There’s a fair amount of text message (SMS) fraud going on in China, and if you have cell phone number here, you’re likely to receive this type of text at some point. As a foreigner, though, if you have trouble reading the text, you may get too caught up in trying to decipher what it says and forget to ask yourself, “could this be a scam?“
So here’s an example of a fraudulent text message I received just the other day:
我是房东，我换号码了， [This is the landlord. I've changed my number.]
你记一下,以后找我就打这个。 [Please write it down. In the future, you can reach me at this number.]
另外，这次租金请打我爱人卡上， [Also, this time please pay the rent to my spouse's account.]
工行 621226.240200.6159780 [ICBC 621226-240200-6159780]
李敏,谢谢 [Li Min. Thanks!]
A few notes on what makes this text a little bit crafty:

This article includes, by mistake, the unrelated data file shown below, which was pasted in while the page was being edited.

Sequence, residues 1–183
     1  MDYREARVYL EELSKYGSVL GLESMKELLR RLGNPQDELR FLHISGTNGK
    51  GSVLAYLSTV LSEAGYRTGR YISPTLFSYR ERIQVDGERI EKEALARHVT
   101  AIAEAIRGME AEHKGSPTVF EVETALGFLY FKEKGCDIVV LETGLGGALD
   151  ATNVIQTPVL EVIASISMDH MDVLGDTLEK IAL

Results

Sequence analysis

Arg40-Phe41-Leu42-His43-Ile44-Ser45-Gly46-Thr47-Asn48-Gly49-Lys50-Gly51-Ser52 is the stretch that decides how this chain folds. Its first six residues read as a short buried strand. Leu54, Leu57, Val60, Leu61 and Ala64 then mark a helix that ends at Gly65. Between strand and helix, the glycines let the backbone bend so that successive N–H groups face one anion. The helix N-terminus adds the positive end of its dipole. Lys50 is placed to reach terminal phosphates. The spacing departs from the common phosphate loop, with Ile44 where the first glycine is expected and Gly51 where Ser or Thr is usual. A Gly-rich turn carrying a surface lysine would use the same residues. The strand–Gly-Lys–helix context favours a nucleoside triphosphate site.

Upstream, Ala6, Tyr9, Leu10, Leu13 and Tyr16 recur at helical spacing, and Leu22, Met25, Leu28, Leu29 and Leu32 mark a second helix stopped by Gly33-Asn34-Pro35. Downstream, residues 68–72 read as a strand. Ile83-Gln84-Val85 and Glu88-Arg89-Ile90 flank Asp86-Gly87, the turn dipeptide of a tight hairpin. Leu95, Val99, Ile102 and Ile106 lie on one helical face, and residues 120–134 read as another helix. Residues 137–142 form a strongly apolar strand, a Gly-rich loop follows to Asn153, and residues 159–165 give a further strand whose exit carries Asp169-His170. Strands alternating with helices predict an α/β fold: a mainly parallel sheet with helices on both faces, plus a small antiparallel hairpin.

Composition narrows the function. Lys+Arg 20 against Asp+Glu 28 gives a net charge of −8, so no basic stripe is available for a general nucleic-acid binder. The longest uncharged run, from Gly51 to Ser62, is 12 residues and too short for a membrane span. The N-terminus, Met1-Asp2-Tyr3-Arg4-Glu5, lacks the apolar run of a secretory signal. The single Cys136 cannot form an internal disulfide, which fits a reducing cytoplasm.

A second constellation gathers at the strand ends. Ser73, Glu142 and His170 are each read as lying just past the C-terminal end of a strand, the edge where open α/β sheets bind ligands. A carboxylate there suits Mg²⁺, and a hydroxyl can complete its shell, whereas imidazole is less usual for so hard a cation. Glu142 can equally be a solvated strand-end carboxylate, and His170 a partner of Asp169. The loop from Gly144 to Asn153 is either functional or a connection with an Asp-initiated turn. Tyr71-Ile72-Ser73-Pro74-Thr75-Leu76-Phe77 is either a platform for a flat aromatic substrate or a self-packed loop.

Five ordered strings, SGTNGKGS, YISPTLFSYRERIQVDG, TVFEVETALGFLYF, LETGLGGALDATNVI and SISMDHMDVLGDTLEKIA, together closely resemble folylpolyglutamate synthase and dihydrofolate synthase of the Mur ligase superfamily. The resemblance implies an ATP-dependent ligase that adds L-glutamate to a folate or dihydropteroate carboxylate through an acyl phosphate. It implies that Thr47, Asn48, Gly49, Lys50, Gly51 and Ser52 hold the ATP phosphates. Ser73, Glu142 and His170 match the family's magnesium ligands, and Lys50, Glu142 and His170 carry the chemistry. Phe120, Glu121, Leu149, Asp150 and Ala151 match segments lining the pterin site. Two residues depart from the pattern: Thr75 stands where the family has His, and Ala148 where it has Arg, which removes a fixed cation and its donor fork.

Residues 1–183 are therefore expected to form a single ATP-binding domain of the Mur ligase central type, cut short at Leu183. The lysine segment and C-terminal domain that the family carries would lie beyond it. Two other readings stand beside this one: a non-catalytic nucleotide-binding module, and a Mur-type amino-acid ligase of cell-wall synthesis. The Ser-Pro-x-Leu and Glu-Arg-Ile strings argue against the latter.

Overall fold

The landlord’s changed his/her number. That’s why you don’t recognize the number. And you’re welcome to contact him/her at the number! Seems legit.
Oh, but now you have to send money. And the reason you don’t recognize the account is because it’s the landlord’s spouse’s account.
Here’s the kicker. The spouse’s name is Li Min (李敏). This is a deliberately gender neutral name (although it’s more likely to be a female name). The words for “landlord” (房东) and “spouse” (爱人) are also gender neutral. So whether your actual landlord is male or female, the message still works.
The spouse’s surname, Li (李), is not a coincidence. It’s #1 in the list of common Chinese surnames.
Don’t fall for this stuff, guys. I receive messages like this once or twice a month. They tend to follow a very similar pattern to the one above.